To read more #DearMsPaper posts: click here

Tags: ,

I hold a doctorate in English from Duke University and recently joined the Marquette University English faculty as an Assistant Professor. I love teaching African fiction and contemporary British novels. Brittle Paper is the virtual space/station where I play and experiment with ideas on how to reinvent African fiction and literary culture.

4 Responses to “Dear Ms. Paper: Do I Need a US Visa to Become a Successful Writer?” Subscribe

  1. Mikeinioluwa 2016/08/10 at 02:17 #

    This is a sad TRUTH!
    I’ve been thinking about this for a while.

  2. ezicat 2016/08/10 at 06:18 #

    I guess we have our challenge then as writers, readers and publishers of African lore – building indigenous businesses with worldwide reach. And this is true not just for writing.

  3. Fatima 2016/08/14 at 02:53 #

    Dear Ms Paper,

    I think the word should be “roster” not “roaster” as indicated.

    A good Nigerian may think we need to invite the publisher out for Suya and drinks!!!

    Your’s most sincerely

  4. Peter 2016/08/15 at 01:00 #

    I do think that one can attain literary stardom in Nigeria but the part about literary agent is true. Most agents don’t care where u are as long as the manuscript is good. I think that apart from building our publishing institution, teaching creative writing in our uni will be an easy pathway to literary stardom no matter the location because it hones craft and some agents are bias over it.

Leave a Reply

I hold a doctorate in English from Duke University and recently joined the Marquette University English faculty as an Assistant Professor. I love teaching African fiction and contemporary British novels. Brittle Paper is the virtual space/station where I play and experiment with ideas on how to reinvent African fiction and literary culture.

Subscribe to Blog via Email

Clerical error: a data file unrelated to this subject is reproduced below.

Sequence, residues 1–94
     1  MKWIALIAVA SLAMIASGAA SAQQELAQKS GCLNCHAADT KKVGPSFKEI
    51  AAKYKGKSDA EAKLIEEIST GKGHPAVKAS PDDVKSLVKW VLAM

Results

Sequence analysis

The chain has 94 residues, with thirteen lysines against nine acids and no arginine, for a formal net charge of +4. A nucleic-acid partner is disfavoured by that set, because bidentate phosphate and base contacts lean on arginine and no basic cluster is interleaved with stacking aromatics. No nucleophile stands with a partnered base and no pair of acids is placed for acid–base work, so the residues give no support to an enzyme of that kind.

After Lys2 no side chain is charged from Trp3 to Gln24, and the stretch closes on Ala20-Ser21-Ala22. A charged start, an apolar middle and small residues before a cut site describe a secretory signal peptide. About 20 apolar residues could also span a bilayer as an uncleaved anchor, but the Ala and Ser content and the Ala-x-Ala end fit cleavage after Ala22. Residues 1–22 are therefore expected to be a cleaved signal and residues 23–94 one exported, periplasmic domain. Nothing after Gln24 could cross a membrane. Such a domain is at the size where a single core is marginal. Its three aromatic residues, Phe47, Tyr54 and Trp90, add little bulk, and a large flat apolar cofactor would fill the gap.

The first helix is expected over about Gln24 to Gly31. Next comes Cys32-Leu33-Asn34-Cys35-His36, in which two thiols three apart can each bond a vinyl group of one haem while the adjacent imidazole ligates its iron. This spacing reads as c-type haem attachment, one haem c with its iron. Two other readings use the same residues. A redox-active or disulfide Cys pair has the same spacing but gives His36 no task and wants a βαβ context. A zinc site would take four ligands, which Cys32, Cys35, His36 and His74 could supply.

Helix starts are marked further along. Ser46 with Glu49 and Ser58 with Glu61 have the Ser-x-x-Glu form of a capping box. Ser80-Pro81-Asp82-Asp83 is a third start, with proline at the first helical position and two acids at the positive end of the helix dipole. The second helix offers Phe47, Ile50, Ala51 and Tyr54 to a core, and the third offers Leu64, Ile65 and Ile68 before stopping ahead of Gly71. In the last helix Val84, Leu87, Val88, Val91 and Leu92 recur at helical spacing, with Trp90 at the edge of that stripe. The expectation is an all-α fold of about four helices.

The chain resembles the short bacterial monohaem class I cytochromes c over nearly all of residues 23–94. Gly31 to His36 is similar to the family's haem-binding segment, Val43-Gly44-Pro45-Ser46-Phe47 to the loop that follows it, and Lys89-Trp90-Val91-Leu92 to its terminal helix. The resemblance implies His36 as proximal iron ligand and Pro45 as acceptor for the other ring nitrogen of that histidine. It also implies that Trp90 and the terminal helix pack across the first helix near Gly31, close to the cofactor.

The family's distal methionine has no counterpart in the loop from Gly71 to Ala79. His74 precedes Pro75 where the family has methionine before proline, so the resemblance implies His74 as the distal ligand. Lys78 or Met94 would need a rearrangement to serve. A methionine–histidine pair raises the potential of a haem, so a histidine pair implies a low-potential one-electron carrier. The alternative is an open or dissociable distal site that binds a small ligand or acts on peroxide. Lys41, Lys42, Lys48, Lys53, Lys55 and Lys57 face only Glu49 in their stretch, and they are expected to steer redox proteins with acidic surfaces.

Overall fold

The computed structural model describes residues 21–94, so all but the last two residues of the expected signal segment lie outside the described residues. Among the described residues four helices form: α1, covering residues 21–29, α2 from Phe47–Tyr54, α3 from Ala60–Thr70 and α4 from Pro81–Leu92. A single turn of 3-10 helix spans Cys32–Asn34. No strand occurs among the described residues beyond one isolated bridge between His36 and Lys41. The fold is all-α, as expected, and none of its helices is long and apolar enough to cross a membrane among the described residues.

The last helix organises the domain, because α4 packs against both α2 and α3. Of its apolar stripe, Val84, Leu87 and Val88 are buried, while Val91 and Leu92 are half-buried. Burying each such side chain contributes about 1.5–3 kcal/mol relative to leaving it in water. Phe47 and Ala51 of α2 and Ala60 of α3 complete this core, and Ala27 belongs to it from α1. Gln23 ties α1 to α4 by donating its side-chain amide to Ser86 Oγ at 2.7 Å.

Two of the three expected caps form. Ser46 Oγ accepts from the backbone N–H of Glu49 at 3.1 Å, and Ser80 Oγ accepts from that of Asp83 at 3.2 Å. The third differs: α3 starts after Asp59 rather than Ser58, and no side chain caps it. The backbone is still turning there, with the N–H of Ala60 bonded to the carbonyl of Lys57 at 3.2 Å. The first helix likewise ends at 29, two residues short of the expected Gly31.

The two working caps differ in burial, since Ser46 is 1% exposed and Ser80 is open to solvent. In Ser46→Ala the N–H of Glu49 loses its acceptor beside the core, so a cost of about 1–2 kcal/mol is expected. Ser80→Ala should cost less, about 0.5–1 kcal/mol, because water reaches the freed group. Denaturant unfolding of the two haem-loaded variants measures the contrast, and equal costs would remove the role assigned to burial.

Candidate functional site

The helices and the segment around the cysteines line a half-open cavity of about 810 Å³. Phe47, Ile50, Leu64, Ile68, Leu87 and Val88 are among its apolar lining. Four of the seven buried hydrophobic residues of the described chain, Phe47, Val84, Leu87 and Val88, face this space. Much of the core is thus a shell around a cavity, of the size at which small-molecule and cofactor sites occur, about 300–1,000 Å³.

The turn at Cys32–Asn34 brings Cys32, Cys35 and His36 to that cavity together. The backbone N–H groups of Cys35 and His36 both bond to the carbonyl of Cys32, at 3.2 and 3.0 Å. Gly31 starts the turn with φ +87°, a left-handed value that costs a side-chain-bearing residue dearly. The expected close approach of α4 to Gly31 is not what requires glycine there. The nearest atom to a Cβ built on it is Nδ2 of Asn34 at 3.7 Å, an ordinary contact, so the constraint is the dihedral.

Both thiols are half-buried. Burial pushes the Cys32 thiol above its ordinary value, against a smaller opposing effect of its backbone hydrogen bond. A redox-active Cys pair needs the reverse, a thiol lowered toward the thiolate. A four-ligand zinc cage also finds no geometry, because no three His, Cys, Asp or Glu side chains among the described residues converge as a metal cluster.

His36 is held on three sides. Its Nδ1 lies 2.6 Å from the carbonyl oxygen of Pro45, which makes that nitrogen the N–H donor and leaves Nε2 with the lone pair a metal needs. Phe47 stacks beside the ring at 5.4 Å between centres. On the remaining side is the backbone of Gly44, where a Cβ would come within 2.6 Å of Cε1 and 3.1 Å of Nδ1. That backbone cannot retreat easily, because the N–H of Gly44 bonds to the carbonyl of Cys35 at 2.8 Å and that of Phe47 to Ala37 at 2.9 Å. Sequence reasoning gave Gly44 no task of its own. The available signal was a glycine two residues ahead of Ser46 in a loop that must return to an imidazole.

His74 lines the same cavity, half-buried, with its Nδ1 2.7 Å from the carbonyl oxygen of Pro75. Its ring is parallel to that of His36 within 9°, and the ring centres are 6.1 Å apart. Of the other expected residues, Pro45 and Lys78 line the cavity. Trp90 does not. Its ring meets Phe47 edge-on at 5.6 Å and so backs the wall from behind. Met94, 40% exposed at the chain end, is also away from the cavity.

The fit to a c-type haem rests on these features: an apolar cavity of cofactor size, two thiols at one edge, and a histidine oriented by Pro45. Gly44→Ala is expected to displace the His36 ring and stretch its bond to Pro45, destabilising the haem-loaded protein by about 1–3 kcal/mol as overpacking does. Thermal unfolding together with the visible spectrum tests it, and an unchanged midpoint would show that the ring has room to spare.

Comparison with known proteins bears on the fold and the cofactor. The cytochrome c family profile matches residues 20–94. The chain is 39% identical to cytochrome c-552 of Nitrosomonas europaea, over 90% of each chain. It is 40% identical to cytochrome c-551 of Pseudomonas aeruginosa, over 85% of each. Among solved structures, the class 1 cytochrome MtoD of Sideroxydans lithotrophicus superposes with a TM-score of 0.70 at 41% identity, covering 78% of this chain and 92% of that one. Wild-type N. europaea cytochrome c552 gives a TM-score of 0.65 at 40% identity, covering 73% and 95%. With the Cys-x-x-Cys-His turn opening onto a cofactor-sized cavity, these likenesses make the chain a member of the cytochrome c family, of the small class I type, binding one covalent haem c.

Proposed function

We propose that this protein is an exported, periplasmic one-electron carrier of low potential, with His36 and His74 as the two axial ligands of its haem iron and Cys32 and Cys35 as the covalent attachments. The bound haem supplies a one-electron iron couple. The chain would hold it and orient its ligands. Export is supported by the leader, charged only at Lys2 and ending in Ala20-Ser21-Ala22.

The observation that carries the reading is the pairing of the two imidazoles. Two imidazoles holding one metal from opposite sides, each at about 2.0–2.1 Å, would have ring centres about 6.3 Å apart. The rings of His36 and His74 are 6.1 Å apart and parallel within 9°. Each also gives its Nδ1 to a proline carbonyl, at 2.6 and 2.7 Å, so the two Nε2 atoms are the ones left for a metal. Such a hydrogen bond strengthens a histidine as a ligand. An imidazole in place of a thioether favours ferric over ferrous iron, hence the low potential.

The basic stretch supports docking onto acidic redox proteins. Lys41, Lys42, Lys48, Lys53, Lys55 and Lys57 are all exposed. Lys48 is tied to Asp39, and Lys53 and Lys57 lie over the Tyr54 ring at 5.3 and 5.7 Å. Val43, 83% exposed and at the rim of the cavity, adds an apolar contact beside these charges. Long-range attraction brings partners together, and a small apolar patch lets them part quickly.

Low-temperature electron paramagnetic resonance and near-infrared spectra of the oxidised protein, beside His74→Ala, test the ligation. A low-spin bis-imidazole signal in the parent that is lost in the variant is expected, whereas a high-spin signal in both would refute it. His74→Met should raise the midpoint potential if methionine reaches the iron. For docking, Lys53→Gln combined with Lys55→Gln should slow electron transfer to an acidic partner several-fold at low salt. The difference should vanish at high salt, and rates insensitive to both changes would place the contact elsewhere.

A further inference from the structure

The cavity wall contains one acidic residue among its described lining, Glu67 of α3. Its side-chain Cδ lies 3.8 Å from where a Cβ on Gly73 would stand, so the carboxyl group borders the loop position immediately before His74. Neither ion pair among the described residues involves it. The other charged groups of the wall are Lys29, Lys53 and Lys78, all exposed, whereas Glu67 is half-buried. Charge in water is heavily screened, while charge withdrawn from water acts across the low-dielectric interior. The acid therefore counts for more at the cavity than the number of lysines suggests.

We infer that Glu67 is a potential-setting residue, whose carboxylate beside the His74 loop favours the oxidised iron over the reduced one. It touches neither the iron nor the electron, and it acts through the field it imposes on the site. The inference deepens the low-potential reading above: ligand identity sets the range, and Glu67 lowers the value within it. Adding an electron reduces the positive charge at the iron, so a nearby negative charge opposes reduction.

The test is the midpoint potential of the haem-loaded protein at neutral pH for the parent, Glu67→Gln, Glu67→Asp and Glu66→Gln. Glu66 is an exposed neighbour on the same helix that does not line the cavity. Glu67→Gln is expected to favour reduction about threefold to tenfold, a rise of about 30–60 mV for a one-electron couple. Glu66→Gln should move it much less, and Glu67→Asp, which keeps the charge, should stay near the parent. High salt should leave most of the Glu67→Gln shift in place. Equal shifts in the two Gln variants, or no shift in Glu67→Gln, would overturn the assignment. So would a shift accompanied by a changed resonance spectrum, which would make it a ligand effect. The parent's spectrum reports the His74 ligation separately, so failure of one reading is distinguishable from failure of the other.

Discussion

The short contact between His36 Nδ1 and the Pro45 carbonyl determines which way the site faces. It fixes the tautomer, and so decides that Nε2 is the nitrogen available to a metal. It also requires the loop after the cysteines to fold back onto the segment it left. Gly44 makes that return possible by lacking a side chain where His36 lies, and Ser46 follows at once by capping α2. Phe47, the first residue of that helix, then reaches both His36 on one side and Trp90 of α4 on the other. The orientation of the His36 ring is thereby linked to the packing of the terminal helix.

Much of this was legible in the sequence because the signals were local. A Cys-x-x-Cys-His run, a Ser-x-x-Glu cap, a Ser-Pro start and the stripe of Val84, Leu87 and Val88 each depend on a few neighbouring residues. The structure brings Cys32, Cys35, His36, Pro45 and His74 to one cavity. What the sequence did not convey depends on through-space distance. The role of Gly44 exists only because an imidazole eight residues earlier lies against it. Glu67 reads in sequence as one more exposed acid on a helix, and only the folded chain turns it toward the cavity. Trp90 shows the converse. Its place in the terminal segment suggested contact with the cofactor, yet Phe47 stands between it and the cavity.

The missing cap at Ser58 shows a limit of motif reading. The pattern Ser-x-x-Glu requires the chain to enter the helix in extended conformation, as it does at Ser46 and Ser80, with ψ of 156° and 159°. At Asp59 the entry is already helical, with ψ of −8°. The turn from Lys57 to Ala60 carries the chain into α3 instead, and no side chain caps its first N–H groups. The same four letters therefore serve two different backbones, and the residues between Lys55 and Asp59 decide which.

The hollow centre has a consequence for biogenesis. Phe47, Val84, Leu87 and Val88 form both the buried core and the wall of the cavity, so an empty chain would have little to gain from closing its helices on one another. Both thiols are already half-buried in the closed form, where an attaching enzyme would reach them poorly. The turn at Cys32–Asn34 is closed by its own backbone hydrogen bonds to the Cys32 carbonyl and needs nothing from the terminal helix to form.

Enter your email address to subscribe to this blog and receive notifications of new posts by email.

Archives

The Brittle Paper Literary Awards: New Date for the Announcement of Winners

The announcement of the winners of the inaugural Brittle Paper Literary Awards was scheduled for 23 September 2017. However, a change […]

The Reviews Are In! | Namwali Serpell Has High Praise for Jennifer Makumbi’s Kintu

Screen-Shot-2017-09-20-at-4.57.42-PM-e1505944728679 copy

Jennifer Makumbi’s Kintu is one of the hit novels of 2017. A historical drama, it tells the story of an 18th […]

New Website Collects Everything Binyavanga Wainaina Has Written Since the Late 1990s

A new Website has collected everything published by Binyavanga Wainaina since his writing career began in the late 1990s. The […]

Opportunity for All Writers | Submit to Vanguard Literary Services’ HIV/AIDS Awareness Anthology

To mark the 2017 World HIV/AIDS Day on December 1, Vanguard Literary Services, a bookselling company in Nigeria, has called […]

The Graywolf Press Africa Prize Launches with Igoni A. Barrett as Judge

igoni a. barrett

A new award just dropped: the Graywolf Press Africa Prize, for “a first novel manuscript by an African author primarily residing […]

Nnedi Okorafor Celebrates Everyday African Life in New Superhero Comic

okorafor comics

A little over two years ago, South African Sci-fi writer Lauren Beukes collaborated with D. C. Comics on a Wonder […]